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Multi-Species Dairy Makes A Lot Of Cheese
Valley Shepherd Creamery makes a lot of cheese and yogurt from their 700 head of pastured sheep, goats and cows. For 9 months out of the year, animals are milked, and cheese and yogurt are made 7 days a week, 15 hrs. a day. They also make cultured butter.
“We make 40 different cheeses and a dozen yogurts,” says Eran Wajswol, Valley Shepherd Creamery.
He and his wife Debra Van Sickle met in engineering school, and shared a love for farming. An initial hobby farm with a small beef herd led to a 120-acre farm in Long Valley, Morris, County, N.J. and a herd of Rambouillet sheep. Quickly discovering that a small flock of meat and wool-producing sheep was not economically viable, they looked for an alternative.
Through years of traveling around Europe, they had fallen in love with Old-World style sheep cheese. They developed a business plan for a sustainable, vertically integrated, Pyrenees style, cave-aged cheese dairy. They replaced the Rambouillet with European East Friesian and Lacaune dairy sheep. They added a mixed goat herd, mainly Alpine and Nubian dairy goats, as well as cows. They also keep a herd of Red Wattle hogs that consume whey from the cheese operation and later are marketed as European-style, dry cured sausage.
While the cheesemaking is Old-World style, the milking operation is modern. Today they operate the only carousel milking parlor for sheep and goats in the U.S. They can milk 600 head an hour. Cows are milked off site.
“We started 23 years ago,” says Wajswol. “We took time to develop the recipes, but we knew what we wanted to do and where we were going with it.”
Part of the plan involved digging a cave out of the hillside where they could age cheese. It features 4 climate-controlled, aging rooms for hard cheeses, stinky washed rind cheese, blue cheese, and soft ripened cheese. Cheeses are aged from 2 months to 2 years.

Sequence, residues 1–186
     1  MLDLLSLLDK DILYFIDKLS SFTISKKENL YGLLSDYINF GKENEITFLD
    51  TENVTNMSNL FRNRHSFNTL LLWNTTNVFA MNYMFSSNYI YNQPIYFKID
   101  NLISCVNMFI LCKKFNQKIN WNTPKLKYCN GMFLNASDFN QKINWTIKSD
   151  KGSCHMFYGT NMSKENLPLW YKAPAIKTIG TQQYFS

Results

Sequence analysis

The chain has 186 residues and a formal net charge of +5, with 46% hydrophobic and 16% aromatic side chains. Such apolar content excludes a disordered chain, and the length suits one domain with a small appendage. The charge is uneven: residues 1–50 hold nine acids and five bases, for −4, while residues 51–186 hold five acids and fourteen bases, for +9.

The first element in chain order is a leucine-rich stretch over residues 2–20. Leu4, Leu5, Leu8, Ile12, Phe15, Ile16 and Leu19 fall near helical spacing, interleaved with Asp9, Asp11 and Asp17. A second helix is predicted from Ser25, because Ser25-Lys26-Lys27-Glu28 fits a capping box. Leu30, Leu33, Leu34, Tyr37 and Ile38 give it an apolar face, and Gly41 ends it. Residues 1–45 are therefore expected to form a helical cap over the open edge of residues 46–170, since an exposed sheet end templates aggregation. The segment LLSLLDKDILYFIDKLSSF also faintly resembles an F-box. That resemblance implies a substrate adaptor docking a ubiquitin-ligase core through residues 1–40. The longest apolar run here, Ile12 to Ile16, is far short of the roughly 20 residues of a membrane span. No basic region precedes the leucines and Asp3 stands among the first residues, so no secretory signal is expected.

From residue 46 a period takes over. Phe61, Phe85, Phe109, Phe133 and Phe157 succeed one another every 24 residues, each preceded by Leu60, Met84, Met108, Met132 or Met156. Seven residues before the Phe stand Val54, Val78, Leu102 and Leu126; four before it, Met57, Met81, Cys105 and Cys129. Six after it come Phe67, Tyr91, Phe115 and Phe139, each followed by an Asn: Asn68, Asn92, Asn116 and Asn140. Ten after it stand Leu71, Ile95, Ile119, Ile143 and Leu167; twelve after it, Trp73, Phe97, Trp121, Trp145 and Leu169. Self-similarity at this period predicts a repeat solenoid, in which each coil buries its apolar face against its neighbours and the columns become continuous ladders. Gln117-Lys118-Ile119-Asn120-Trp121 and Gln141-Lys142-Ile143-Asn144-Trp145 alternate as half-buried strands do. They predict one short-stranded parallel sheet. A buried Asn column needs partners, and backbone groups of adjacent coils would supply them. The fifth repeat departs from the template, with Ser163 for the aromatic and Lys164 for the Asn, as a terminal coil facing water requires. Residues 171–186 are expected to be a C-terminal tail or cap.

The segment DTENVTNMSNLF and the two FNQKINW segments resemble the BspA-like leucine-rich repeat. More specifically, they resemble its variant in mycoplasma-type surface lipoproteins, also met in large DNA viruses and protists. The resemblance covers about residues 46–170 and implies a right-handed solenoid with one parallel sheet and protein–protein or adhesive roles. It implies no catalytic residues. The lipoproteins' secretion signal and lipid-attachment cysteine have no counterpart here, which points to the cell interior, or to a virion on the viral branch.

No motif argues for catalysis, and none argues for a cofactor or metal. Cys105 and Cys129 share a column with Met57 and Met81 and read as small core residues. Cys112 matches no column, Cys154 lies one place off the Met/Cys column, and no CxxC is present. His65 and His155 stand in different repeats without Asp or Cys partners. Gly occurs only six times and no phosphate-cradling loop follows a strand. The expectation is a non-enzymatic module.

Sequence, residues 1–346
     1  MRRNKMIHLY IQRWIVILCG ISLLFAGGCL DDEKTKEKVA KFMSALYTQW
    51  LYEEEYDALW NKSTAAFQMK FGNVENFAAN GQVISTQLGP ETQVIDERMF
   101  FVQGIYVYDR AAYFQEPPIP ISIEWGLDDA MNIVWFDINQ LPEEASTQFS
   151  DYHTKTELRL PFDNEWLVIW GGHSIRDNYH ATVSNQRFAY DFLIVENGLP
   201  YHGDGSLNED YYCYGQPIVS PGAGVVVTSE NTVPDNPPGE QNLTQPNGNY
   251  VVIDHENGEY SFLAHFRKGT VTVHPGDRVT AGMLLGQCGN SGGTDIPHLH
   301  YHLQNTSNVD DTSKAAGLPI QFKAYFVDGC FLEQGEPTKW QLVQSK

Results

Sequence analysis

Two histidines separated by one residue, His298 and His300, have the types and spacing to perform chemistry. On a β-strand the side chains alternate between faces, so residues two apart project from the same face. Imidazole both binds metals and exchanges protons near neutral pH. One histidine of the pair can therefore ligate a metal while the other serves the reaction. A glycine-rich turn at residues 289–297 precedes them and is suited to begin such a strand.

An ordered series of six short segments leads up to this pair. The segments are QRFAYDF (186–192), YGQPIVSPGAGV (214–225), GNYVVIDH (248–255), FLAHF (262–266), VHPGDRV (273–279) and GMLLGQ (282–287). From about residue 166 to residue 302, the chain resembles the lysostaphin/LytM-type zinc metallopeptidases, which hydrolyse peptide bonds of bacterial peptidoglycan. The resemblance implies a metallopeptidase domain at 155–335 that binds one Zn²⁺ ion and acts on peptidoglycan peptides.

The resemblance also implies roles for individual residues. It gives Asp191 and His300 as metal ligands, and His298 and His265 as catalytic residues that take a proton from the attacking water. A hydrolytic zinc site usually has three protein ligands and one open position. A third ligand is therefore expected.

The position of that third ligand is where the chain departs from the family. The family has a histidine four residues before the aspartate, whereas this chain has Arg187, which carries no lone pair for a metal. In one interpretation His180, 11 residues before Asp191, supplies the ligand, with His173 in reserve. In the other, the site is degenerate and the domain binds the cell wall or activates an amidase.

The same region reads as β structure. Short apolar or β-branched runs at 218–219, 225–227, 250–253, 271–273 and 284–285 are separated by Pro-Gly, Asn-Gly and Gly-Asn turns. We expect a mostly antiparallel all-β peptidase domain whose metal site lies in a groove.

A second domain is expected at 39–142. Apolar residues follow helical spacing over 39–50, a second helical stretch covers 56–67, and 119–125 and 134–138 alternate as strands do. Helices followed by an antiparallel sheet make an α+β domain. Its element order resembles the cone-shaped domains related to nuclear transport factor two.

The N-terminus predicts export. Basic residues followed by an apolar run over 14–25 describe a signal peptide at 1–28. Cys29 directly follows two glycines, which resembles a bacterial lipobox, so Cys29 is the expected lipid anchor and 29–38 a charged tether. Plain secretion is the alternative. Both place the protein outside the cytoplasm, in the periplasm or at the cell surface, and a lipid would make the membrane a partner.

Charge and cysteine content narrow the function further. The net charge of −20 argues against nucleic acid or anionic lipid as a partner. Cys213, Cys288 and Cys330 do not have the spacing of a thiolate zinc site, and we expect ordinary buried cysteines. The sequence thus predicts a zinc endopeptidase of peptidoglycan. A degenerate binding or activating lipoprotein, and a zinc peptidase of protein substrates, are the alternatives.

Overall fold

Their vertically integrated production facility takes milk from the animal to the market. While Wajswol considers the annual lamb production a give-away, even they become part of the process. Rennet used in the cheesemaking process is harvested from their stomachs.
“We have 2 stores in New Jersey and 1 in New York City,” says Wajswol. “We sell to retailers, wholesalers and at 14 farmers markets every week, mostly in New York City.”
Wajswol notes the farmers markets and direct sales were vital this past year, as sales to restaurants disappeared. “The amount of specialty cheese baskets that were ordered was mind-boggling in the early days,” says Wajswol. “Lately farmers markets have been our biggest market. It’s one way people feel they can get out of the house.”
Wajswol cites creating multiple markets for product as one of the keys to setting up a business based on creating product. Marketing is also the biggest challenge.
“We had to find markets that wanted locally made, artisanal cheese in volume,” he says. “A single batch of cheese is 30 wheels.”
He questions whether anyone could reproduce what he and his wife created, but the rules they followed still make sense.
“Given the money it would cost in both up-front and capital improvements, I don’t think something like Valley Shepherd would happen today,” he says. “Whatever you do, figure out the product before you spend any money. Figure out what the market will absorb. Figure out the price you can sell it for and the cost of production.”
In the case of dairy products, he advises working backwards - this much product at this price in this volume requires this much milk at this much yield per animal.
Another key factor is labor. “We can’t physically do all the work ourselves,” he says. “Maintaining the staffing level needed for a vertically integrated business is a challenge. You have to have a lot of good people.”
Valley Shepherd does more than just sell cheese; it also sells itself. The original plan included making the farm a family-friendly destination.
The farm hosts tours from spring to fall, as well as wine and cheese tastings and cheesemaking classes ($169). Class attendees make a 2-lb. wheel of cheese that is aged in the farm’s cave for 90 days before being picked up or shipped to the maker.
The farm store (online and brick and mortar) offers cheese by the pound, by the plate, and by the basket, as well as a wide array of other related products. Gift baskets and monthly shipments are also available.
Aside from the pandemic, everything has developed according to plan. “Today you can find our cheese as far away as California, but most of it is sold on the East Coast,” says Wajswol. “There is no need to grow nationally when you can sell it all regionally.”
Contact: FARM SHOW Followup, Valley Shepherd Creamery, 50 Fairmount Rd., Long Valley, N.J. 07853 (ph 908 876-3200; info@valleyshepherd.com; www.valleyshepherd.com).

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2020 - Volume #44, Issue #6